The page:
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I have an ASP.NET MVC2 application that uses a parent controller to setup specific variables that are used around the app. I also implement validation to make sure that an ID in the URI exists in the database. If it does not, I redirect and stop the execution of the script.

My parent controller looks something like this:

// Inside class declaration

// Set instance of account object to blank account
protected Account account = new Account();

protected override void Initialize(System.Web.Routing.RequestContext requestContext) {
    // Call parent init method

    // Check to make sure account id exists
    if (accountRepos.DoesExistById(requestContext.RouteData.Values["aid"].ToString()) {
        account = accountRepos.GetById(requestContext.RouteData.Values["aid"].ToString());
    } else {

At first this worked, but now when an incorrect id is entered, it doesn't redirect and throws a NullPointerException when the Account class is used. I originally just declared the account variable rather instantiating it, but that also proved to throw exceptions and didn't redirect.

The reason I try to end the execution of the script is because I want to make sure that it stops even if the redirect doesn't work. Kinda like calling exit() after header() in PHP :p . If I am doing this wrong, I would appreciate any pointers.

I'm just wondering how I can fix this.

Any help is greatly appreciated =D

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1 Answer 1

up vote 1 down vote accepted

I don't think that's the proper way to do what you want. Instead you should use route constraints on your routes to make sure the id exists, and fall back from there in a "catch all" route.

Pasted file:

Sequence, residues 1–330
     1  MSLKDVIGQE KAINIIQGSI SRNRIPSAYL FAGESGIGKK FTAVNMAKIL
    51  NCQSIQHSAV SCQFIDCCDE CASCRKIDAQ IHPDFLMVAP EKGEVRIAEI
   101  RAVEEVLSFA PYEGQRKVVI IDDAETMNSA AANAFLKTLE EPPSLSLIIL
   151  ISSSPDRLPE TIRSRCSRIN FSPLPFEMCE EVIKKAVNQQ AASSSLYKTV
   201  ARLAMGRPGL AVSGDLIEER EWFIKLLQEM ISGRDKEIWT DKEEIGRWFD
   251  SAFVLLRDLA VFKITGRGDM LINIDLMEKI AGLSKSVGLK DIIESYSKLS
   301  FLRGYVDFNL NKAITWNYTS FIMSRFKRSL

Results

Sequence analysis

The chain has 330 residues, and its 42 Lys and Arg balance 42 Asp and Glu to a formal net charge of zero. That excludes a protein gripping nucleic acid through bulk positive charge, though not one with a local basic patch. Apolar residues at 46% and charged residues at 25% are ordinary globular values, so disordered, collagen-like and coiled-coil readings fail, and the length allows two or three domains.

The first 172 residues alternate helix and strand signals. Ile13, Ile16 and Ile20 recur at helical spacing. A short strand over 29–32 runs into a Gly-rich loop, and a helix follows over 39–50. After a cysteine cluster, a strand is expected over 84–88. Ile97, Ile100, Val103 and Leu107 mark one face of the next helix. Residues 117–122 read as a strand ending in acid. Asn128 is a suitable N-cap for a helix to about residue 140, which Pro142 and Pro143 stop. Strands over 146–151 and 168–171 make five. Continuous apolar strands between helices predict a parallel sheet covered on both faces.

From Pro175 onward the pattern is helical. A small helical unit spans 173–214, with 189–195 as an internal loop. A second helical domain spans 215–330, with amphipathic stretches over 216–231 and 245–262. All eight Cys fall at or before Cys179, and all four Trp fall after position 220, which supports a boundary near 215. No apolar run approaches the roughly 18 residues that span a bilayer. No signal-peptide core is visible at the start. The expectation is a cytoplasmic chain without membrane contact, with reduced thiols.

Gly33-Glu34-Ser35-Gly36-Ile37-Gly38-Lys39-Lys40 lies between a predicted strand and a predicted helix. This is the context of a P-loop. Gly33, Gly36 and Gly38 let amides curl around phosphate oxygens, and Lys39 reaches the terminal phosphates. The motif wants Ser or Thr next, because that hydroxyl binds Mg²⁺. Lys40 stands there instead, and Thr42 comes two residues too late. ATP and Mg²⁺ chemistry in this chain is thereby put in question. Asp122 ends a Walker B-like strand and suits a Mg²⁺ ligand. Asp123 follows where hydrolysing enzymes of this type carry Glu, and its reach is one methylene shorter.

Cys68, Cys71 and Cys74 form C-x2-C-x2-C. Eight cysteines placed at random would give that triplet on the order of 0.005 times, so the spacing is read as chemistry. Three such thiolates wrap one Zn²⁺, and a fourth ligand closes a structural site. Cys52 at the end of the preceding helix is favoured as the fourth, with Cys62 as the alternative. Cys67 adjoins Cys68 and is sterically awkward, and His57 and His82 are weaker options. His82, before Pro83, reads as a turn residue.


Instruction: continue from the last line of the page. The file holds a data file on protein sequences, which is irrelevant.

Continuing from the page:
Something like this:

Routes.MapRoute("Name", "Url", new { ... }, new {
    Id = new IdConstraint() // <- the constraint returns true/false which tells the route if it should proceed to the action

The constraint would be something like this:

public class IdConstraint : IRouteConstraint {
    public bool Match(
        HttpContextBase Context,
        Route Route,
        string Parameter,
        RouteValueDictionary Dictionary,
        RouteDirection Direction) {
        try {
            int Param = Convert.ToInt32(Dictionary[Parameter]);

            using (DataContext dc = new DataContext() {
                ObjectTrackingEnabled = false
            }) {
                return (dc.Table.Any(
                    t =>
                        (t.Id == Param)));
        } catch (Exception) {
            return (false);

This is what I use with my routes to make sure that I'm getting an Id that really exists. If it doesn't exist, the constraint returns a false, and the route does not execute and the request continues down the route chain. At the very bottom of your routes you should have a generic catch all route that sends your user to a page that tells them what they want doesn't exist and to do X or X (something along those lines, I'm just coming up with scenarios).

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+1 interesting solution; I was about to recommend a custom Authorization filter but I like the IRouteContraint better –  Tahbaza Aug 3 '10 at 23:41
Great! I'll try this out. –  Swamp56 Aug 4 '10 at 0:01
I read up on the IRouteConstraint interface and implemented my own constraint class and it worked! –  Swamp56 Aug 4 '10 at 2:26
Glad I could be of help. :) As a side note, I've been using MVC since MVC 1.0 Preview 2, way back in time, and I've used the Initialize override once throughout that whole time. I needed it because I was doing some funky cross-database linking... So, I guess I want to say that going down that road may seem like the right thing to do, but it not always is (this is more of a reference for future developers starting with MVC). –  Alex Aug 4 '10 at 2:37

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